Making Judgments in Applying Hobby Loss Rules
This is how much blanket advice can harm you and your client. The general rule of Hobby Loss Rules is that you can only take losses for three years. We have all heard that and have even given that advice. Where that advice is true is when a client has zero income and a bunch of expenses on a Schedule C for over three years. However, there is one situation that you may not be taking into account.
The Hobby Loss Rule has an exception: What if the client is “aggressively pursuing” income? What is meant by aggressively pursuing income? They have gross income and are just, through the normal course of business, losing money. What can the IRS say about that?
I had an audit in which a client had losses for five years. The agent tried to employ the Hobby Loss Rules and disallow the losses that the client incurred. From the returns you could see that the client was not only aggressively pursuing income but that their loss was due to the depreciation laws.
This is where you need to make a judgment call. If a client has had no income and a lot of expenses for over three years, then they are not aggressively pursuing income. A few years ago, there was an IRS warning about tax preparers fraudulently stating that their clients had at-home businesses. The problem was that their clients never earned any income and just had expenses. This lowered their taxable income, inflating refunds.
I was doing a tax return for a client this year. I received tax returns from 2014 to 2016, all of which showed no income on a Schedule C but included a bunch of expenses. He gave me a W-2 and a spreadsheet listing home-office deductions. Forget the fact that he had no income but had a home office, where he was supposed to produce income. I emailed him and stated that I couldn’t take the deduction for the home office. I told him that taking the home office deduction, along with no income, was odd. However, the clincher was I told him this was his fourth year of taking expenses, with no income, and that would set him up for an audit. He seemed to understand that.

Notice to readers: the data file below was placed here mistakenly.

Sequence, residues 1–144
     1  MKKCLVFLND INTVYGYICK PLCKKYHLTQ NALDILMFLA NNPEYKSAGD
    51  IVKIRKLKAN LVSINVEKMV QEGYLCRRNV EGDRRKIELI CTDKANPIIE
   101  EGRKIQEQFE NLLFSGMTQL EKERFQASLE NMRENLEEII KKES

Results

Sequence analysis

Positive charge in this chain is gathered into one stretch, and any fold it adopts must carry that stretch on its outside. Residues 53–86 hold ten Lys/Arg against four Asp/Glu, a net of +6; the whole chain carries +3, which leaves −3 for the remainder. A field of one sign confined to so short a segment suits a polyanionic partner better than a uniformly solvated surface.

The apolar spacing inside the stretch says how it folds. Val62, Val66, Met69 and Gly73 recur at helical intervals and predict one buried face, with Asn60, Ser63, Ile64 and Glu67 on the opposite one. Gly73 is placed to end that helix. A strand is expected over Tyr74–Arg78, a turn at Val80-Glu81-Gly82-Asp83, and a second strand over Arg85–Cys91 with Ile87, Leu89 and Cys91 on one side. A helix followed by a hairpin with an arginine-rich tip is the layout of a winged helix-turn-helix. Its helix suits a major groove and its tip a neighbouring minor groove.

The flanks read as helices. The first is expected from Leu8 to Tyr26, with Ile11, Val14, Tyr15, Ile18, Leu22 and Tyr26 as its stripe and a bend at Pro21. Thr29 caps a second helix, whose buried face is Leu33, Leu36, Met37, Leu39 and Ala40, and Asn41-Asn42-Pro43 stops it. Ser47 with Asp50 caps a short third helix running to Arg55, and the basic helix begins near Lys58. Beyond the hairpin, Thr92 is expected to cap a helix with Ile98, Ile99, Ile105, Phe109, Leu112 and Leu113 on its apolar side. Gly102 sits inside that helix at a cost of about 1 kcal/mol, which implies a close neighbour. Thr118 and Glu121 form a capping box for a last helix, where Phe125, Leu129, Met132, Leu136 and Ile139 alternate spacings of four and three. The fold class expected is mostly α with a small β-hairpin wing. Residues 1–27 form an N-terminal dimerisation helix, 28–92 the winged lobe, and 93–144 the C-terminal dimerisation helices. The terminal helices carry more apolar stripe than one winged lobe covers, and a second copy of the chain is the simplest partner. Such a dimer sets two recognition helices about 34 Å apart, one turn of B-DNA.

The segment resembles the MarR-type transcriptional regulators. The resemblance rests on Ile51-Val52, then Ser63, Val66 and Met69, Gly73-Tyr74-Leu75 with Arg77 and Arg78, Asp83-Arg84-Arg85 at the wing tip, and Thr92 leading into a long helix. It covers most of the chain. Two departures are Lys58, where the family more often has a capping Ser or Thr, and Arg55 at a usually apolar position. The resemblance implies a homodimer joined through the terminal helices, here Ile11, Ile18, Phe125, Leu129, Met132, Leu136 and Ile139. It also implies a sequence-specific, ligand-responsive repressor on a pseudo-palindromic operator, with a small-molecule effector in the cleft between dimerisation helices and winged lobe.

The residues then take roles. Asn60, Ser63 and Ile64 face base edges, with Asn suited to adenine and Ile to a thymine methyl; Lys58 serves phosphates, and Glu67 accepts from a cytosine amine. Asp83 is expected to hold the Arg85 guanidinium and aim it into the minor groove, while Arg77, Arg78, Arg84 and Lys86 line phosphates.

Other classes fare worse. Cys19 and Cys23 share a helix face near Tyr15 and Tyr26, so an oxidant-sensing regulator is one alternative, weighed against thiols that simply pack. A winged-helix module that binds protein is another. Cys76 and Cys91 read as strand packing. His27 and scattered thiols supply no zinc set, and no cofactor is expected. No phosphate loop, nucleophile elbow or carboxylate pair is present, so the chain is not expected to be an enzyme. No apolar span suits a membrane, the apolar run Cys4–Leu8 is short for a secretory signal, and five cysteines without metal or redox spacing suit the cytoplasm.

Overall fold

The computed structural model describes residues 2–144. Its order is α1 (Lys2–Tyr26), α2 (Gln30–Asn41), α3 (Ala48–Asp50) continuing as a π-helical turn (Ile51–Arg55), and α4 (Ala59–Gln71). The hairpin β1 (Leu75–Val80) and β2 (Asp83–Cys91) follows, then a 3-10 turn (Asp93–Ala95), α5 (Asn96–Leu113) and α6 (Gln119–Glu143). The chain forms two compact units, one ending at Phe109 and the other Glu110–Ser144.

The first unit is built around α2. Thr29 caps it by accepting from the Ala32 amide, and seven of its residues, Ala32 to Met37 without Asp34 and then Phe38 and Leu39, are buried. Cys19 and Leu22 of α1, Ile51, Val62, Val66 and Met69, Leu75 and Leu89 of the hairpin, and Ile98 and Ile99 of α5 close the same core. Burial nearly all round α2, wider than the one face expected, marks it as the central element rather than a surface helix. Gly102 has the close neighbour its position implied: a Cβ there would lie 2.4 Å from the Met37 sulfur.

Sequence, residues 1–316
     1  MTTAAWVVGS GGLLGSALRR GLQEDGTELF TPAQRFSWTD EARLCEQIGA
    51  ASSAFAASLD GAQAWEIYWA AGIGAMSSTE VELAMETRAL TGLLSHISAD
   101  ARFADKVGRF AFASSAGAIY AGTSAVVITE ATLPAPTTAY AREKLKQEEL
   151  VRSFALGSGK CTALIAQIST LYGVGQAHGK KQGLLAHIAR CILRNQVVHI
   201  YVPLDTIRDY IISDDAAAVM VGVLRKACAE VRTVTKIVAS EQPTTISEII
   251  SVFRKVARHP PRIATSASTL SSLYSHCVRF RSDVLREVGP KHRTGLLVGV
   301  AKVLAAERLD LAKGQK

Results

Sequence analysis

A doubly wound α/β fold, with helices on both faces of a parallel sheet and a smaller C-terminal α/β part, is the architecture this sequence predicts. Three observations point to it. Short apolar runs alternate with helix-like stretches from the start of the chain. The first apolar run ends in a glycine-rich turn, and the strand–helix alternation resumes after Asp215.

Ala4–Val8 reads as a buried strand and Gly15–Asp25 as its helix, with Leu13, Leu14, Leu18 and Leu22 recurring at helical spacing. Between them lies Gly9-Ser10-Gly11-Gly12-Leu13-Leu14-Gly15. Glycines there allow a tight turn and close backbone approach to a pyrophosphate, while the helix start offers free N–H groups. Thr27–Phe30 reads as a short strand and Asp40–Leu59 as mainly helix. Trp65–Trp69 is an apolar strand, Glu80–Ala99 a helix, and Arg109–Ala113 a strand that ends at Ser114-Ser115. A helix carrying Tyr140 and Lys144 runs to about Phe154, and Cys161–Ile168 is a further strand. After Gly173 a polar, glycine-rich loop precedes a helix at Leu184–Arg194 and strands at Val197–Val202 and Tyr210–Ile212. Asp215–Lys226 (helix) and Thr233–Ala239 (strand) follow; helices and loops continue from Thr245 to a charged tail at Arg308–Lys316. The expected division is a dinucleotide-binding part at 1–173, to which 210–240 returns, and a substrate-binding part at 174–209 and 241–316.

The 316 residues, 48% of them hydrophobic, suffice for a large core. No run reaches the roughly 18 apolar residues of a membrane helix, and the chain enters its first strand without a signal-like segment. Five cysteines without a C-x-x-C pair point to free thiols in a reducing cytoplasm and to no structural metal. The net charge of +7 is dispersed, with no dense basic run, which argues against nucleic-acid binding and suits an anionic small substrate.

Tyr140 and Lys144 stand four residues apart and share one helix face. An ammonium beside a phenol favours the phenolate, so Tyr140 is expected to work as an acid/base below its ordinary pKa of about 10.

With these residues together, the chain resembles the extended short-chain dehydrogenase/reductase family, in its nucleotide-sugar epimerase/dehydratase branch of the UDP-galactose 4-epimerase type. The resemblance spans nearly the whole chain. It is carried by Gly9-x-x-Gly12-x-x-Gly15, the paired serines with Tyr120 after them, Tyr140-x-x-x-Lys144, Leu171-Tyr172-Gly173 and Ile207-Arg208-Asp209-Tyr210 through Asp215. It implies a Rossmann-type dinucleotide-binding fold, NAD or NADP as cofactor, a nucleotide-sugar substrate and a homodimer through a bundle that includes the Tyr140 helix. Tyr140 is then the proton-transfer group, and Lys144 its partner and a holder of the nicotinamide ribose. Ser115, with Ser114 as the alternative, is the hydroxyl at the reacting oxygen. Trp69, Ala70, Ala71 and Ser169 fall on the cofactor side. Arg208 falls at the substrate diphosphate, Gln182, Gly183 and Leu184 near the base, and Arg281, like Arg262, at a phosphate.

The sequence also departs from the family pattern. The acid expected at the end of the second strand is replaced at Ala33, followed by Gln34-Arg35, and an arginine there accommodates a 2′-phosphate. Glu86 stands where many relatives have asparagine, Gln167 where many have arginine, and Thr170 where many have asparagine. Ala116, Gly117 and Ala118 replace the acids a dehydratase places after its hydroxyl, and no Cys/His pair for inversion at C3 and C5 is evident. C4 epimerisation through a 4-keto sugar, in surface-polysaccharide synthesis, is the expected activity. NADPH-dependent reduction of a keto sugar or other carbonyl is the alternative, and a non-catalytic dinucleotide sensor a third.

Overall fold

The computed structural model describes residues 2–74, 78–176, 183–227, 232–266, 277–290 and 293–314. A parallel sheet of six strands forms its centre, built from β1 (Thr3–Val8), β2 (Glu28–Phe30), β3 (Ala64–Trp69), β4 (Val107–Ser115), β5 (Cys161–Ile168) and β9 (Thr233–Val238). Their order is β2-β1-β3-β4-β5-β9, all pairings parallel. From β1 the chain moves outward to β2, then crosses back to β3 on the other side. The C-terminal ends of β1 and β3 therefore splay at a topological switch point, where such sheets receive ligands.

The point that I am trying to make is that just because a client loses money for over three years doesn’t mean that they are falling into the Hobby Loss Rule. The crux of the rule is whether the client aggressively pursued income. If they have zero income and a bunch of expenses for three years, then you have to make a judgment call. In my humble opinion, in the situation above, there is no aggressive pursuit of income.
In another case, I had a client who was a real estate agent during the downturn in the housing market. He spent a lot of money on advertising, paid desk fees, and took classes to further his knowledge of the industry. For three years he had no income, only expenses. The fourth year his gross income was $4,000, and his expenses were higher than his income. The question was, did he aggressively pursue income?
For those years when he had no income and a lot of expenses, he paid a lot in advertising, he paid desk fees to his broker, and he expanded his knowledge of the real estate market. The reason he didn’t have any income was that there was a downturn in the market. Homes were being foreclosed on, there were short sales, and he didn’t want to be a part of that. His business plan was to find the low-cost jewels for his clients, but the real estate market was going crazy, and he could not do that.
I was not concerned with him losing money for four years, because in year five, the real estate market rebounded, and he started to make money hand over fist.
The point I am getting at, is that we have had it engraved in our brain that more than three years of losses is the Hobby Loss Rule. However, you have to analyze every situation and make a judgment call.
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Craig W. Smalley, MST, EA, has been in practice since 1994. He has been admitted to practice before the IRS as an enrolled agent and has a master's in taxation. He is well-versed in US tax law and US Tax Court cases. He specializes in taxation, entity structuring and restructuring, corporations, partnerships, and individual taxation, as well as...